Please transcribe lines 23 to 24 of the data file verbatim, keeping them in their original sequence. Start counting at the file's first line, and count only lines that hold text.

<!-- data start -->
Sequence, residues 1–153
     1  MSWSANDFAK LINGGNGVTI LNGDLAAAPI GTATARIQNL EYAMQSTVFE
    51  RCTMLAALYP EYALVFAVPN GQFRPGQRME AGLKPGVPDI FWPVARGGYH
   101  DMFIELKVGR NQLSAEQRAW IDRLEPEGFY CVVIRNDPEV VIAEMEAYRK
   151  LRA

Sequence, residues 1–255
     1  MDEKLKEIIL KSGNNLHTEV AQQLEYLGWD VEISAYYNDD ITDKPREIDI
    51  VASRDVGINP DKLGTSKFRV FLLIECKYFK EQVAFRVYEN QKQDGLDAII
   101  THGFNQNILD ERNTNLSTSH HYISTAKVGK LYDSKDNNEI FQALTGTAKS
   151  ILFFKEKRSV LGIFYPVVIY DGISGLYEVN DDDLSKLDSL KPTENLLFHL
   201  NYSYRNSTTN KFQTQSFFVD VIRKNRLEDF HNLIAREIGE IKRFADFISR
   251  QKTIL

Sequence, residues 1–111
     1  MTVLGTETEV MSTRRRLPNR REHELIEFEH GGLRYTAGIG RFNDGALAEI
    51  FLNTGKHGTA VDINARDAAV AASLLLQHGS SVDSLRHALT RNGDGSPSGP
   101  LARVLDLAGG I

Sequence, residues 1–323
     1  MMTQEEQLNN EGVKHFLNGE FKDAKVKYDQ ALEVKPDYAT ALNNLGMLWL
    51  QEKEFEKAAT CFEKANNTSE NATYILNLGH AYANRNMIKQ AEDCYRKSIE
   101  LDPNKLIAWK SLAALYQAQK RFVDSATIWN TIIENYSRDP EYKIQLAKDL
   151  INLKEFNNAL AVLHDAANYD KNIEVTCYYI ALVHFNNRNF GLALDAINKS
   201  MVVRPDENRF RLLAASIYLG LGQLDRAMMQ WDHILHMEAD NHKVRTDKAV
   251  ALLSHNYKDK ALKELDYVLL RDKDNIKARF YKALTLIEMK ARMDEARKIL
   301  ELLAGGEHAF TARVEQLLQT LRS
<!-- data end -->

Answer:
   251  ALLSHNYKDK ALKELDYVLL RDKDNIKARF YKALTLIEMK ARMDEARKIL
   301  ELLAGGEHAF TARVEQLLQT LRS